Lens Diffraction

The term diffraction in the case of waves refers to their bending round the obstacles. When the obstacle is large compared to the wavelength no wave bends round the edges of the obstacle. When the size of the obstacle is small compared to the wavelength of the light wave bend round the edges of the obstacle. When the size of the obstacle is very very small the waves bend round it so that we find no practical effect on the wave.

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The diffraction phenomena is more predominant when the size of the obstacle is small and is comparable with the wavelength of the incident light. Ex : When a beam of light passes from a narrow slit it spreads out to certain extent in the geometrical shadow. Diffraction can be explained by Huygens - Fresnel principle. According to this principle each point on an unobstructed wavefront acts as a source of secondary waves. The secondary sources are mutually coherent and the waves emitted by them interfere to produce diffraction patterns. The amplitude at any arbitrary point in space due to the secondary wave depends on the angle between the outward drawn normal to the wavefront and the line joining the wavefront and the point P.

Fraunhofer Diffraction Using Lens

There are two approaches to explain diffraction. The first is Fresnel diffraction ( a general approach) and the second is Fraunhofer diffraction ( a simplified approach). Here we discuss about the lens diffraction by Fraunhofer.

In this approach the source of light and the screen are considered to be at infinite distances from the obstacle or aperture. The wave fronts involved are plane wavefronts. Lenses are used to observe diffraction pattern. It can be said that Fraunhofer diffraction is the limiting case of Fresnel diffraction. Mathematical treatment of Fraunhofer diffraction is simple. Let us briefly consider diffraction from a single slit as an example for Fraunhofer approach. In the figure below, a plane wavefront illuminates a slit of width d. A converging lens between the slit and the screen is used to focus diffraction pattern on the screen. The area of the incident wavefront on the slit is divided into elementary zones of width of dx, parallel to the edges of the slit. The secondary waves emitted by each zone superpose at point P on the screen. The resultant intensity at P is determined by the angle `theta` , the angle of diffraction, and the amplitude of the oscillation produced by different zones.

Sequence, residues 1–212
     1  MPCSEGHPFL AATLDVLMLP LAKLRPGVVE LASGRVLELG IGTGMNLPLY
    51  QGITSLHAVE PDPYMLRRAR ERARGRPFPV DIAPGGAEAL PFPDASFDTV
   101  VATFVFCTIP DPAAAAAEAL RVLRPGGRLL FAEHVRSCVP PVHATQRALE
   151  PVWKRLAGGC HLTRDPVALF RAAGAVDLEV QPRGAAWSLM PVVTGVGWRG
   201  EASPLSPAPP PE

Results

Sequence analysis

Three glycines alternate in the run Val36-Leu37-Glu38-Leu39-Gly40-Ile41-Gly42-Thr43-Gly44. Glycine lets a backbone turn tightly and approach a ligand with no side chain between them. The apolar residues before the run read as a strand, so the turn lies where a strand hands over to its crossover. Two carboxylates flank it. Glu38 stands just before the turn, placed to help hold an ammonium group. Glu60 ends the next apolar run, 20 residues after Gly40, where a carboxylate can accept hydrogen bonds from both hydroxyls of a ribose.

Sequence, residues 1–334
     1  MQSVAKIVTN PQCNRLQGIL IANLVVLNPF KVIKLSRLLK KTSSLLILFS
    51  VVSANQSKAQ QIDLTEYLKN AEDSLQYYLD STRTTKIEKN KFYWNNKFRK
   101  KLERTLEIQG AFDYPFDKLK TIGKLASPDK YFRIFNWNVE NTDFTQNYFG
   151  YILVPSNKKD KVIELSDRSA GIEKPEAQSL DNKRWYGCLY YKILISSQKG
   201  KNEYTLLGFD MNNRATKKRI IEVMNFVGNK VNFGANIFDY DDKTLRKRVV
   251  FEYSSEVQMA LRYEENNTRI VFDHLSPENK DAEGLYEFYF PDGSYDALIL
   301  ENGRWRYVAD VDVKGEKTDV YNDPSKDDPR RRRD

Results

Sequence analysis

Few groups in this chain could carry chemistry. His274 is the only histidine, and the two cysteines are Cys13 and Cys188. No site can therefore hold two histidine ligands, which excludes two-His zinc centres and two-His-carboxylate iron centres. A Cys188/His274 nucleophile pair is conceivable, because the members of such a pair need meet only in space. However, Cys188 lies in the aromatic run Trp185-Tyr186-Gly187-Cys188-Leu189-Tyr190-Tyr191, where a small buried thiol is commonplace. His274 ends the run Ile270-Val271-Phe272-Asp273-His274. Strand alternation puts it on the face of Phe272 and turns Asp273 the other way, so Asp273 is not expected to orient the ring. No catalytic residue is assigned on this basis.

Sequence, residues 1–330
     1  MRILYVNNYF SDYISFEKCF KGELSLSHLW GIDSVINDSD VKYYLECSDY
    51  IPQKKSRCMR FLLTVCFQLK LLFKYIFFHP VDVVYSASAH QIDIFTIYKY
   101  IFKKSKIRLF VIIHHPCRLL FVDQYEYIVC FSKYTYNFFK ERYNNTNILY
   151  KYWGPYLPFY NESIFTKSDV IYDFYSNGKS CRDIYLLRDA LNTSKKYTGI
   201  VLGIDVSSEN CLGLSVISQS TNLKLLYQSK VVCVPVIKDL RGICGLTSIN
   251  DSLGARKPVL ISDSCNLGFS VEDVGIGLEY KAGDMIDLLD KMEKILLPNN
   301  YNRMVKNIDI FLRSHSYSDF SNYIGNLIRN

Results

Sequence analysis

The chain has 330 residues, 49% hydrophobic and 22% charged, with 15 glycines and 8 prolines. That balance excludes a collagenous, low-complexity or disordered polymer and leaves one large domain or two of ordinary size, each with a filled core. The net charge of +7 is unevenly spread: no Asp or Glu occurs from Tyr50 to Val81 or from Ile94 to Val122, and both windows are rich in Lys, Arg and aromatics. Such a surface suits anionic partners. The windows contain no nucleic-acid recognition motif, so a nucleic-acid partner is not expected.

The amplitude of the oscillation produced by a zone depends only on the area of the zone. The area of the zone is proportional to the width (dx) of the zone. Therefore amplitude 'dA' due to an oscillation produced by a zone of width dz oscillation produced by a zone of width dx at any point on the screen will have the form dA = C dx, C is a constant. The algebraic sum of the amplitudes of the oscillations due to all the zones at a point on the screen determines the intensity of the diffraction pattern.Applications of Lens Diffraction1. The wavelengths of either monochromatic or composite ratdiations can be measured accurately by diffraction technique using diffraction grating.

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2.The wavelengths of X-rays are determined by X-ray diffraction.3. Structures of crystalline solids are determined by X-ray , electron and neutron diffraction measurements.4. Velocity of sound in liquids (organic and inorganic) can be estimated with the help of ultrasonic diffraction techniques.5. Ultrasound scanning uses the principle of diffraction to assess the size and shape of ulcers, tumours etc., in human body.